There are no official statistics on how many girls have been sold into marriage. In 2015, the United Nations High Commissioner for Refugees said in a report it had identified 120 Rohingya child brides in Malaysia but it was unclear how many were trafficking victims.
Malaysian Prime Minister Datuk Seri Najib Razak has spoken out strongly in the past few months against Buddhist Myanmar over its handling of the violence in Rakhine and the Rohingyas’ plight.
But rights groups say Malaysia, which has not signed the U.N. refugee convention, has been complicit in the abuse of Rohingya asylum-seekers because they are treated as illegal migrants with no official access to jobs, healthcare or education. They live in poverty working illegally in restaurants or construction sites.
The Malaysian government launched a project this month that enables 300 Rohingya people to be employed, a move welcomed by rights groups.
The Malaysian government did not return requests seeking comment for this story.
Child marriages allowed
Child marriages are also tolerated in Muslim-majority Malaysia. Under Islamic law, Muslim girls under 16 can marry with permission from the Shariah court, though in the case of the Rohingya marriages in Malaysia there is no court involvement — Rohingya imams conduct them and while a marriage certificate is printed there is no indication it is a legal document under Malaysian law.
The girl who was married was taken to Kuantan, on Malaysia’s east coast, where she said she quickly learned that her new husband was controlling and abusive. He confiscated her mobile phone and did not allow his family to see her. She was left alone for days in the house.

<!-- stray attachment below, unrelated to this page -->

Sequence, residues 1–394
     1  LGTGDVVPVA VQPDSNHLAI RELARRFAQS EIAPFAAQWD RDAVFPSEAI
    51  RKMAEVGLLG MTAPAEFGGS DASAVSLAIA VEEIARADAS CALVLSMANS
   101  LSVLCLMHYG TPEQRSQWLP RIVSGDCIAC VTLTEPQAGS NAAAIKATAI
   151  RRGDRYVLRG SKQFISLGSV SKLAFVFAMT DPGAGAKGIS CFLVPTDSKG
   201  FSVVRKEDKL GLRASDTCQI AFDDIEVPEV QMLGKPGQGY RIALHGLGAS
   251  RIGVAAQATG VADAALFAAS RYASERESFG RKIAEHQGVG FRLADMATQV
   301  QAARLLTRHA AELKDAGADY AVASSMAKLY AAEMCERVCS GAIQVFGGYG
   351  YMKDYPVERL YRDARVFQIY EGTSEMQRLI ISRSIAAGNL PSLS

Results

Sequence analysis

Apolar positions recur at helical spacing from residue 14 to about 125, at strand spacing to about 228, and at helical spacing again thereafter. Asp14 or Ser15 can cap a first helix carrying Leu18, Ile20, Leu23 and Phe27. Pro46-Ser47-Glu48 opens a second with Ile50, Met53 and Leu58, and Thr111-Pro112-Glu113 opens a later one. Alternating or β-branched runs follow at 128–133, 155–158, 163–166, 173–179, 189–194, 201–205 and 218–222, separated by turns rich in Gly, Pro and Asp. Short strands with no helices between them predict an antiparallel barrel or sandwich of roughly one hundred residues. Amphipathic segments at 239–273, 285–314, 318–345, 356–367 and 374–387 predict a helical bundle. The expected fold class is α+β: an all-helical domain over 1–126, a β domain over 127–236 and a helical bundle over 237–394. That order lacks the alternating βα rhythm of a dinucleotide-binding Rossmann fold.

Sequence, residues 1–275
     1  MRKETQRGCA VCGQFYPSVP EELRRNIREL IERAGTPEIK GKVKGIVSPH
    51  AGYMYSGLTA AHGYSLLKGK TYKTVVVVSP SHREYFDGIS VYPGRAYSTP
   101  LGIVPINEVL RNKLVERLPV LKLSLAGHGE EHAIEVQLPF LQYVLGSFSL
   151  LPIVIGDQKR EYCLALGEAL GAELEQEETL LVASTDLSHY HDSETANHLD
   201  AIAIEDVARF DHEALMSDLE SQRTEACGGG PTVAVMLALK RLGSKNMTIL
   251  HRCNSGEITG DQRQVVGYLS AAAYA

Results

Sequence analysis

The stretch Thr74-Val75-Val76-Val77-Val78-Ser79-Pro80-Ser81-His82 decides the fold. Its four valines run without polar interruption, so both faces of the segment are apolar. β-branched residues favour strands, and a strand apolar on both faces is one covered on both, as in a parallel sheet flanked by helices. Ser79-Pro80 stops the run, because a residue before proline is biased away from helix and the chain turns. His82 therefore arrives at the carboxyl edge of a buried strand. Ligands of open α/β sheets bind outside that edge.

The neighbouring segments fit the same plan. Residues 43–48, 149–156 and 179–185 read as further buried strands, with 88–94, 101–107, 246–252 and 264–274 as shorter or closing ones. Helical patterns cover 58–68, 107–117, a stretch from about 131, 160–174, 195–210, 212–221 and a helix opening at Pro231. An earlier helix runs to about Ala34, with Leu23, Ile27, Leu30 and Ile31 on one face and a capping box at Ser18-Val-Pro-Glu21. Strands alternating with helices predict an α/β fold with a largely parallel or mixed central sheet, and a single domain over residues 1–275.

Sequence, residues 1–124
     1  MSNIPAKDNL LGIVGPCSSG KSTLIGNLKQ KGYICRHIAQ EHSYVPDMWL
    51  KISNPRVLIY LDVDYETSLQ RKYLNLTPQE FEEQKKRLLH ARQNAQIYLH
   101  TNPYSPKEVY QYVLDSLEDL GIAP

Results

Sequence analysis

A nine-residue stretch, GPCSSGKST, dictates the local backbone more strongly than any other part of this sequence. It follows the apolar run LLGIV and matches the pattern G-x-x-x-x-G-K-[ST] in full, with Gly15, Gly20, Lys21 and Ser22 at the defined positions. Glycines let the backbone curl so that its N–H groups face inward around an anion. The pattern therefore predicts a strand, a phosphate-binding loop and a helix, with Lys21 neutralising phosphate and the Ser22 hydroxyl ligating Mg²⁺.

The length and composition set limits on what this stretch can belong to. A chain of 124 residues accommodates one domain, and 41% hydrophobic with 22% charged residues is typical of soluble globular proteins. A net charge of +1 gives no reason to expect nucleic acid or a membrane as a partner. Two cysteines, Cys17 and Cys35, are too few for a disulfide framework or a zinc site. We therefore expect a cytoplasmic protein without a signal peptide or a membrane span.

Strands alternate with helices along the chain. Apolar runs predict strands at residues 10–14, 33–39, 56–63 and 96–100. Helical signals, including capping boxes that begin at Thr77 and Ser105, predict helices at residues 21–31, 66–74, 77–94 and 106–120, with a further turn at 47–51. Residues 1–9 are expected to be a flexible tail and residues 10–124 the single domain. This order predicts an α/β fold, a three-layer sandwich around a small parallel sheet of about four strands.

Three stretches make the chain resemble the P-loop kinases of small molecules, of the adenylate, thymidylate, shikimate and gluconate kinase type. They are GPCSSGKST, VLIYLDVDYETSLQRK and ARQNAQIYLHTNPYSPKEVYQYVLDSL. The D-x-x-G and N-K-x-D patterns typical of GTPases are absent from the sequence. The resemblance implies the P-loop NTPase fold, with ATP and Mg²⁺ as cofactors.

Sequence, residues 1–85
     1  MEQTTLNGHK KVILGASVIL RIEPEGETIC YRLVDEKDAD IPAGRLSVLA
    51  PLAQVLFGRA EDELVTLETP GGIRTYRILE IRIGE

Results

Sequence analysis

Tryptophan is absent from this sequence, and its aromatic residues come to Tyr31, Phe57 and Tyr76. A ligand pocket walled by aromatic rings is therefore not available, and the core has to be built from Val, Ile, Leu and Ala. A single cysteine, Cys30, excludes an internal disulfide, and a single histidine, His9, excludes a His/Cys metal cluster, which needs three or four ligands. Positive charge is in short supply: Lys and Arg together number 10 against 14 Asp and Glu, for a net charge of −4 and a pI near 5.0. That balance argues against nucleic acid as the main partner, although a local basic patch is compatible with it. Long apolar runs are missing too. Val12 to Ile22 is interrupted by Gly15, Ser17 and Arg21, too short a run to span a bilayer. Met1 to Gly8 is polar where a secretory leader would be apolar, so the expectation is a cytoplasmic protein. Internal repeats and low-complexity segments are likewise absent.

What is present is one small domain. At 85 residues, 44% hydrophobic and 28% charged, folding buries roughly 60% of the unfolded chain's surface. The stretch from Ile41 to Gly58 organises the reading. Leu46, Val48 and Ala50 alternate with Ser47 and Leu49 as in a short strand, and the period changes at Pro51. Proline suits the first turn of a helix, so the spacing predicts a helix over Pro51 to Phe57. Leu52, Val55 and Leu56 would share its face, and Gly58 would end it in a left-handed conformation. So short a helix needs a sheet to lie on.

Eight months into the marriage, she reconnected with her parents and four younger siblings, and was rescued by her father, who had travelled to Kuantan to find her.
The girl’s husband did not respond to calls seeking comment for this story.
She now lives with her family in a one-room shack in a small village on the outskirts of Kuala Lumpur.
While she feels safer now, she said she was afraid that she may have to return to her husband, who has refused to grant her a divorce.
Sharifah Shakirah, a refugee herself and founder of the Rohingya Women Development Network, said Rohingyas have no legal status in Malaysia, and their marriages are not recognized. This can make it harder for law enforcement to intervene in domestic abuse cases, even when they involve children.
“To ask help from lawyers and police is not easy because they (Rohingyas) don’t have legal status. Even when cases of child brides are reported, the police don’t take action,” said Sharifah, who provides help and counseling to Rohingya women.
‘Life of dignity’
According to UN statistics, some 56,000 Rohingya are living in Malaysia, although migrant groups say the number is much higher as many are undocumented. The community is mainly spread across impoverished suburbs around the capital Kuala Lumpur.